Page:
49. The Commission believes that if true, the allegations made pertaining to acts of torture and inhuman and degrading treatment that Mr. Centeno Rosales was alleged to have suffered at the time of his detention and during his preventive detention, the inefficacy of the remedies filed for his protection in that situation and the allegations of the inhuman treatment that the other alleged victims purportedly suffered during their preventive detention, would tend to establish violations of the rights guaranteed under articles 5(2) and 25 of the American Convention, and articles 1, 6 and 8 of the Inter-American Convention to Prevent and Punish Torture.
50. The Commission further considers that if true, the alleged violations would tend to establish noncompliance with the State’s generic obligations to respect and ensure those rights and its obligation to adopt legislative and whatever other measures necessary to give effect to those rights, as provided in articles 1(1) and 2, respectively, of the American Convention.
51. Finally, the Commission does not find sufficient grounds for considering a possible violation of article 6 of the American Convention.
52. The Commission concludes that the case is admissible and that it is competent to examine the complaint the petitioner filed alleging violation of articles 5, 7, 8, 24 and 25 of the American Convention, in combination with articles 1(1) and 2 thereof, and that the complaint complies with articles 46(1)(c ) and (d), 46(2)(a) of the American Convention and articles 28 and 37 of the Commission’s Rules of Procedure. It also considers the petition admissible with respect to the alleged violation of articles 1, 6 and 8 of the Inter-American Convention to Prevent and Punish Torture.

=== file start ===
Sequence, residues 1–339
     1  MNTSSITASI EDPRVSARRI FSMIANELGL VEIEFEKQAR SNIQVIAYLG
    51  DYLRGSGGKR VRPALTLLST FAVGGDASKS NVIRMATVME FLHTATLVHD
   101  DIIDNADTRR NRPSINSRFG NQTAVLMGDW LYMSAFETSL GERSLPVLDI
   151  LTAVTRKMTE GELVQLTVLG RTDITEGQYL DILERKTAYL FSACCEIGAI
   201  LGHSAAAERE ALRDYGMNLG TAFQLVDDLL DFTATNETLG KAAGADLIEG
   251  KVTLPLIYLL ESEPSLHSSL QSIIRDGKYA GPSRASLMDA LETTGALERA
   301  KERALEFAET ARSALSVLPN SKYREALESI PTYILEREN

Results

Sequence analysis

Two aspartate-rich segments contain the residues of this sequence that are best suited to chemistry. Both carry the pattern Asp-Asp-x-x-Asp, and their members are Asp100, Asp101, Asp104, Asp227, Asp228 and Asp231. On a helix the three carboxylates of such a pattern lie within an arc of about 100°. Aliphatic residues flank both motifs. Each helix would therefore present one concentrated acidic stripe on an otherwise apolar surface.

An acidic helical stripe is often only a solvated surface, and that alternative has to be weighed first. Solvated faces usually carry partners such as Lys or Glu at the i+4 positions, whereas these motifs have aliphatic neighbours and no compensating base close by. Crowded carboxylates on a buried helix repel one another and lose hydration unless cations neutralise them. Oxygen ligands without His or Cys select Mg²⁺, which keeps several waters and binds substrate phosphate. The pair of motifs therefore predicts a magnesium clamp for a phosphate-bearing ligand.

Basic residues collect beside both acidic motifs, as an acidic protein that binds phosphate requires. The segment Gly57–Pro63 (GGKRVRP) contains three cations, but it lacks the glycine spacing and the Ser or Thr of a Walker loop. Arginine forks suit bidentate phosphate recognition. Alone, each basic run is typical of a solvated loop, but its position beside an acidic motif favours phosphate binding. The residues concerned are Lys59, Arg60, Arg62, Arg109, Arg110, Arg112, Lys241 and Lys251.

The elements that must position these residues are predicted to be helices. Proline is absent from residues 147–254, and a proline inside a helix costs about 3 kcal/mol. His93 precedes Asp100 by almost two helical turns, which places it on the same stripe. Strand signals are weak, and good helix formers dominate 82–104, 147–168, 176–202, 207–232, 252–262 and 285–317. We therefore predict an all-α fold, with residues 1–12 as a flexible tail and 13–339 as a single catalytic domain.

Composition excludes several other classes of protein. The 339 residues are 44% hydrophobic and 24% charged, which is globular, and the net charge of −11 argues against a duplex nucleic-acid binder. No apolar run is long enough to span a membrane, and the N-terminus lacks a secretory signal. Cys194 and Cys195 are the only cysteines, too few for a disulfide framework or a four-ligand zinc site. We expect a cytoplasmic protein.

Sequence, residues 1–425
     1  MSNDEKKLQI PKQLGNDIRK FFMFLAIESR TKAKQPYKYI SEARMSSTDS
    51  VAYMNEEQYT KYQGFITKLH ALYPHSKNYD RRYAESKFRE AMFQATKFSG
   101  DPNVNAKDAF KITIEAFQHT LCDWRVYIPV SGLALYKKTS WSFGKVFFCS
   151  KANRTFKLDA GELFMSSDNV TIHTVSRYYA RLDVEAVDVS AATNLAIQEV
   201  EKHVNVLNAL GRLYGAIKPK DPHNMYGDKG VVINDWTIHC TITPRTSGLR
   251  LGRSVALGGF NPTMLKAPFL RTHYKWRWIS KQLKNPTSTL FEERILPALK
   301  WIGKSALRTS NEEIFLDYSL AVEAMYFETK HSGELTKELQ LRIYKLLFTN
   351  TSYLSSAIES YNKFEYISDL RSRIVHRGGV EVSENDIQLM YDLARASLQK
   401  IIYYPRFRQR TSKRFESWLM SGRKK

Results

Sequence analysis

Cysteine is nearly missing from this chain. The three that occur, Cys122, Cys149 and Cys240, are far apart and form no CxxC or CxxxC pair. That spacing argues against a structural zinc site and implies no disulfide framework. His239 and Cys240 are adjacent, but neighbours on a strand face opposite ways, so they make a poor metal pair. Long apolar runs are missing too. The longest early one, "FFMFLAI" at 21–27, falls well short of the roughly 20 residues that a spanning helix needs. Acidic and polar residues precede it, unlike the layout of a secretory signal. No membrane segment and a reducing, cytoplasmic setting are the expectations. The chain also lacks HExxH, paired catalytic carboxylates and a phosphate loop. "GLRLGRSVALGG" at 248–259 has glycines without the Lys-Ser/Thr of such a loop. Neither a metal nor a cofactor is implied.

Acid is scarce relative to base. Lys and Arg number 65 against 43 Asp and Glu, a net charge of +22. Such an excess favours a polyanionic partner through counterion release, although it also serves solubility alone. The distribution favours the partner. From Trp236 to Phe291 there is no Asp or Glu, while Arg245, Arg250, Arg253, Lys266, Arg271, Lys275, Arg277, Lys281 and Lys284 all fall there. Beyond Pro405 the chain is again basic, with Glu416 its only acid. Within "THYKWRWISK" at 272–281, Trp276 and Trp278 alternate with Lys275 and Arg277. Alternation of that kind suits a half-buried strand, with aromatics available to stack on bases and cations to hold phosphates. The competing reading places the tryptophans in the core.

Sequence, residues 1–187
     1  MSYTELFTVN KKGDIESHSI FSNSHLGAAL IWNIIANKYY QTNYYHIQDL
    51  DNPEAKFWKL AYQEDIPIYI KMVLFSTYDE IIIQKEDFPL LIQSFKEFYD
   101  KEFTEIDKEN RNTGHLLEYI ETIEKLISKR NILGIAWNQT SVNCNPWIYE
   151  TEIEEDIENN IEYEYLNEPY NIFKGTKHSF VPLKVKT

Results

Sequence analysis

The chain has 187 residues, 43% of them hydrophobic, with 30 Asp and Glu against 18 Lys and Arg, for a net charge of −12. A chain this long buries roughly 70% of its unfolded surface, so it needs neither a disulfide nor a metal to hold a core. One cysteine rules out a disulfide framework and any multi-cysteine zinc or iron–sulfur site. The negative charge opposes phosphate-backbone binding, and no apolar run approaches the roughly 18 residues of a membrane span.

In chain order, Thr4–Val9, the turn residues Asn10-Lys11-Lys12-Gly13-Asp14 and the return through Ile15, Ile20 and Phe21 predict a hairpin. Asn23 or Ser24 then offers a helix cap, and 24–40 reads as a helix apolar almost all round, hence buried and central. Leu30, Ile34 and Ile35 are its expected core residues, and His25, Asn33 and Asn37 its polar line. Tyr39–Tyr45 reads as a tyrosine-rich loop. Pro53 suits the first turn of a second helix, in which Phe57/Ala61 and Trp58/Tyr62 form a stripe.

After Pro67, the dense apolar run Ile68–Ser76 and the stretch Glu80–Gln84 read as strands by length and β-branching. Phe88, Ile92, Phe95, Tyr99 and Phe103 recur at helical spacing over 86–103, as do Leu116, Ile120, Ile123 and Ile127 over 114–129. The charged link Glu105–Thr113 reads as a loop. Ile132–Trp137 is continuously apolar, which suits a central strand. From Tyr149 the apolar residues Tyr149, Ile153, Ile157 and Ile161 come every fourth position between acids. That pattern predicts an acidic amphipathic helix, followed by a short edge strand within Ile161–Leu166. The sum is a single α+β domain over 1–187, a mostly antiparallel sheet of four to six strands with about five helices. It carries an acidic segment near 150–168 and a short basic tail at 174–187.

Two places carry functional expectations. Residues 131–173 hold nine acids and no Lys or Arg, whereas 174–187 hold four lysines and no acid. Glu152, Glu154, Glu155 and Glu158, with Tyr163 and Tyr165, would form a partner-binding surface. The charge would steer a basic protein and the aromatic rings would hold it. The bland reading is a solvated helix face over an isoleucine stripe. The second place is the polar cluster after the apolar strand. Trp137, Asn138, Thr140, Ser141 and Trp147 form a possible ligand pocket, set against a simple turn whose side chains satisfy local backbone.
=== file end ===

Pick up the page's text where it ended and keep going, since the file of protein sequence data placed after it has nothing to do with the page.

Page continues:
53. Based on the foregoing arguments of fact and of law and without prejudging the merits of the case,
THE INTER-AMERICAN COMMISSION ON HUMAN RIGHTS
1. To declare the present petition admissible with regard to articles 5, 7, 8, 24 and 25 of the American Convention, in combination with articles 1(1) and 2 thereof, and with regard to articles 1, 6 and 8 of the Inter-American Convention to Prevent and Punish Torture.
2. To declare inadmissible the petition with respect to article 6 of the American Convention.
3. To notify the State and the petitioner of this decision.
4. To proceed with the analysis of the merits of the case.
5. To publish this decision and include it in the Annual Report to be presented to the OAS General Assembly.
Done and signed in the city of Washington, D.C., on the 27th day of the month of February, 2007. (Signed): Florentín Meléndez, President; Paolo Carozza, First Vice-President; Victor E. Abramovich, Second Vice-President; Evelio Fernández Arévalos, Sir Clare K. Roberts, Paulo Sérgio Pinheiro, and Freddy Gutierrez Trejo, Commissioners.
 The original petition was filed by Carlos Abraham Calderón Paz, jointly with Jeydi Maribel Estrada Montoya. By a communication dated January 29, 2006, the latter is no longer a petitioner in the case.
 In this communication, the petitioner added articles 7(3) and 24 of the American Convention to the list of the rights violated by the facts reported in the petition.